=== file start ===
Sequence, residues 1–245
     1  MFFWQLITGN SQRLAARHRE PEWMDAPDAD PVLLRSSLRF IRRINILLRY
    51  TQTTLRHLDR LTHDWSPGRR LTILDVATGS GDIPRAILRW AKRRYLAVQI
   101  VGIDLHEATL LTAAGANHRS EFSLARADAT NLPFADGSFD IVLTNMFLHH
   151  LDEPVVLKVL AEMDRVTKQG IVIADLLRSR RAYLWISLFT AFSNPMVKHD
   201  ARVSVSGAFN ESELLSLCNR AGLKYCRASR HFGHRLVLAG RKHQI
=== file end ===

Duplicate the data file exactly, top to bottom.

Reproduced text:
Sequence, residues 1–245
     1  MFFWQLITGN SQRLAARHRE PEWMDAPDAD PVLLRSSLRF IRRINILLRY
    51  TQTTLRHLDR LTHDWSPGRR LTILDVATGS GDIPRAILRW AKRRYLAVQI
   101  VGIDLHEATL LTAAGANHRS EFSLARADAT NLPFADGSFD IVLTNMFLHH
   151  LDEPVVLKVL AEMDRVTKQG IVIADLLRSR RAYLWISLFT AFSNPMVKHD
   201  ARVSVSGAFN ESELLSLCNR AGLKYCRASR HFGHRLVLAG RKHQI